Irem Boybat  Irem Boybat photo         

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In-memory computing
IBM Research | Zurich
  +41dash44dash724dash88dash79

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Short biography

Irem Boybat has been a part of the In-memory computing group of IBM Research – Zurich since 2015. Her current research focus is on developing the next generation of AI systems where analog in-memory AI cores composed of non-volatile memory is expected to result in great energy and speed gains. Prior to this, Irem was a research scholar at IBM Research – Almaden, San Jose, California with similar research focus.

Irem earned her PhD degree in Electrical Engineering at the École Polytechnique Fédérale de Lausanne (EPFL) in Lausanne, Switzerland, in 2020, her Master of Science degree in Electrical and Electronic Engineering, also from EPFL, in 2015 and her Bachelor of Science degree in Electronics Engineering from Sabanci University, Istanbul, Turkey, in 2013.

 

Selected Talks

Invited talk, Symposium "Advanced neuromorphic computing hardware: Towards efficient machine learning" at DPG Spring Meeting, Dresden, Germany, March 2020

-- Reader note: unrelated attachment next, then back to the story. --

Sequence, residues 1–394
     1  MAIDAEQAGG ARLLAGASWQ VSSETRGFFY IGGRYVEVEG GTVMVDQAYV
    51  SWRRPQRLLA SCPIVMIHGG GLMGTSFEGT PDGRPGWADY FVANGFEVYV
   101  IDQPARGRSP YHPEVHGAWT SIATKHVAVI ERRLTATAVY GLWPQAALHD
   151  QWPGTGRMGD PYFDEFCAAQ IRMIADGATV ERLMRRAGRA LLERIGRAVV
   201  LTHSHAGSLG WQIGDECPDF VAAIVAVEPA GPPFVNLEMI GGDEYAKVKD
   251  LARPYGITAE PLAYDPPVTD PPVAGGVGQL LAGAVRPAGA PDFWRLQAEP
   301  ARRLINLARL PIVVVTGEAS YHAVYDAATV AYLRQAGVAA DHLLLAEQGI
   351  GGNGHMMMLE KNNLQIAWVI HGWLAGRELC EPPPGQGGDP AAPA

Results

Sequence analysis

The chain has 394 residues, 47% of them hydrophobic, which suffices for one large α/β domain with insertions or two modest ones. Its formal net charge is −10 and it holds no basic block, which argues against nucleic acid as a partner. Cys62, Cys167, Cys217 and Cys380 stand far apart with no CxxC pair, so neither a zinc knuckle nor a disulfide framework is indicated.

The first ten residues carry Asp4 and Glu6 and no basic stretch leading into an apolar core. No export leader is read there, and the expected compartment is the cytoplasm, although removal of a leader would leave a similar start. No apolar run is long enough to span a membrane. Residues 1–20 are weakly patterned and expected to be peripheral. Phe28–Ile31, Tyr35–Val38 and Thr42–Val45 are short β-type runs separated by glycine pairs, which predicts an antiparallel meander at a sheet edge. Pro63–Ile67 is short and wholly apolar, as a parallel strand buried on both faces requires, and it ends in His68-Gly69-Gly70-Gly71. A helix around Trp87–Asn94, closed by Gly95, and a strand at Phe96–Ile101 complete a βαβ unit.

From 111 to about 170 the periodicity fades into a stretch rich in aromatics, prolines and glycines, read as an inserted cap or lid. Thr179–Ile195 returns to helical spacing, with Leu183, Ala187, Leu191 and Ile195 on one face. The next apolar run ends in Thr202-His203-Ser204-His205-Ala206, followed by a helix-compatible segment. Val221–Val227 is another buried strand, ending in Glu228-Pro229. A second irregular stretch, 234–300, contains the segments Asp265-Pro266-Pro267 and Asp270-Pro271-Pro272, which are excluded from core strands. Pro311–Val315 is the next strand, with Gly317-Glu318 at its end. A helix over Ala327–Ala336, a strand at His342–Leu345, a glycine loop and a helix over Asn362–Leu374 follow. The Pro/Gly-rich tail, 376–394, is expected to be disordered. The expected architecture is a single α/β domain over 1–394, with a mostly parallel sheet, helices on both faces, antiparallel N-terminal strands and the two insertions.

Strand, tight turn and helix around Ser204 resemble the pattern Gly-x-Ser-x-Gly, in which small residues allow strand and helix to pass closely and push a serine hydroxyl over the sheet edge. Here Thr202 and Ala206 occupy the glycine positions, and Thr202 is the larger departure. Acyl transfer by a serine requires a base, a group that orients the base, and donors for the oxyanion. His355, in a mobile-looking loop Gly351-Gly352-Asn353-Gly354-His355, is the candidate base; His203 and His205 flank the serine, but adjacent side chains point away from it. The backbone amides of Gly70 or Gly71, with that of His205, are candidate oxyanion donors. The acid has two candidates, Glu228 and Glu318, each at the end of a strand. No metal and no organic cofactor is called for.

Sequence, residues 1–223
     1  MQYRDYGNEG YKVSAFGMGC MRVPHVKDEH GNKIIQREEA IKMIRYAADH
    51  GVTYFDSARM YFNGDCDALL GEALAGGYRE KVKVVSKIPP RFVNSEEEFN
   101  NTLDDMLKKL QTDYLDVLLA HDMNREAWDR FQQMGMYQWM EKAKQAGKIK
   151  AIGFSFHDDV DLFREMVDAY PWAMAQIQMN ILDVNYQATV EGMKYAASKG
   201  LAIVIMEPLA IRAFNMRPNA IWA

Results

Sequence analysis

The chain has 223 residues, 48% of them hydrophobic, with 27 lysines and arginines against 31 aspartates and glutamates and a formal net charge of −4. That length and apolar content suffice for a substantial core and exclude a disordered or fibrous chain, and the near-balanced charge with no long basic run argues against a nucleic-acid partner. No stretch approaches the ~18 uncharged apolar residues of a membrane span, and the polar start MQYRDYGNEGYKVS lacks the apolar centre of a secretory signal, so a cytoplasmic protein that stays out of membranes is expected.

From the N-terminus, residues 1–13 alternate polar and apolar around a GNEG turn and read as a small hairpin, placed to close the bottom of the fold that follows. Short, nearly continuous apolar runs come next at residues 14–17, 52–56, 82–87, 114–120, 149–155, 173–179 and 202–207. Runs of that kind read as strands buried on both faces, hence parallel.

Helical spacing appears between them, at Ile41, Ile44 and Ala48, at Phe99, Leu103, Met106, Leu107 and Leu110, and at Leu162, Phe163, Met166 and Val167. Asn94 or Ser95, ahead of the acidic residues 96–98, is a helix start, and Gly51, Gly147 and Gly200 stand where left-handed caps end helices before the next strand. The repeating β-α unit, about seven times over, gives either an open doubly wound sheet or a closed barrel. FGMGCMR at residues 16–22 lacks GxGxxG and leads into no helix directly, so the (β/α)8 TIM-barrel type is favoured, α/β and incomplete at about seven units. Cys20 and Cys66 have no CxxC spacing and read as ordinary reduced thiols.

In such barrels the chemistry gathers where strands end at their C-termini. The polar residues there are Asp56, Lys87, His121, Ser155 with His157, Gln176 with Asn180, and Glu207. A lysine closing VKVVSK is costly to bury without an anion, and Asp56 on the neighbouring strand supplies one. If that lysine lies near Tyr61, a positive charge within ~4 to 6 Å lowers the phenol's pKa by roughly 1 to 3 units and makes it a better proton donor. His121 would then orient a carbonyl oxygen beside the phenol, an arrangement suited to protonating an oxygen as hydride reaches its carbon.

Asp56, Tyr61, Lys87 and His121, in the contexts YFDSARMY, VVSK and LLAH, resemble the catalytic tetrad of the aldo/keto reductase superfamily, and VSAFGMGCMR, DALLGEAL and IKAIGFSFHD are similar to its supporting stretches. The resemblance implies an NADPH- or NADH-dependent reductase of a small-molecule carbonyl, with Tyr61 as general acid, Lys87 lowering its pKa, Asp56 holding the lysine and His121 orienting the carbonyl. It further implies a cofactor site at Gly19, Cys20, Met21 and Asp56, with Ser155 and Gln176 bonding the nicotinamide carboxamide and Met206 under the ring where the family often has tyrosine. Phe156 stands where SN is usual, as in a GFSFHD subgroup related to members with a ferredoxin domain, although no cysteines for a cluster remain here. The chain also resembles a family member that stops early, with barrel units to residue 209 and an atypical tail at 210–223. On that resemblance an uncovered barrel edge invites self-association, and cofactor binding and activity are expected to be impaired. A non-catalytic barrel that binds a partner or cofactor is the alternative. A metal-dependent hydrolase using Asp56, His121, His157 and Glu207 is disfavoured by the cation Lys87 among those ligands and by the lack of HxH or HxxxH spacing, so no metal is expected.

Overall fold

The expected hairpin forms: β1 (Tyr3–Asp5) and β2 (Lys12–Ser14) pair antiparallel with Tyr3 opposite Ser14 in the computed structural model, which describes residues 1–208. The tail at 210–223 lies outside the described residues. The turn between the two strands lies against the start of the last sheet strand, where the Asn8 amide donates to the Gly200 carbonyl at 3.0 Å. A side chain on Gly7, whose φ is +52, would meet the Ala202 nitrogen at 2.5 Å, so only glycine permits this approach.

Invited talk, "Women in Tech 2020", Stockholm, Sweden, March 2020 (live-streamed video available)

Invited talk, "Jubilee Seminar: Peak Human?" at Royal Swedish Academy of Engineering Sciences, Stockholm, Sweden, December 2019 (live-streamed video available)

Invited talk, "Neuromorphic Computing day" at Sabanci University, Istanbul, Turkey, April 2019

Invited talk, "Neuromorphic computing and hardware Gothenburg - Stockholm joint workshop", Stockholm, Sweden, December 2018

Invited talk, Ecole Polytechnique Federale de Lausanne (EPFL), Lausanne, Switzerland, May 2018

 

In the news

NyTeknik news article (2020): How IBM wants to make AI systems 1,000 times more efficient

IBM blog (2020): International Women's day: Celebrating Science

Announcement (2020): President Yusuf Leblebici graduates his 50th PhD student

Announcement (2020): ISSCC Rising Stars 2020 Workshop

EU project (2019): MNEMOSENE (computation in-memory architecture for based on resistive devices)

IBM blog (2018): Novel synaptic architecture for brain inspired computing

IBM blog (2018): Machine learning for analog accelerators

IBM blog (2018): The future of AI needs better compute: hardware accelerators based on analog memory devices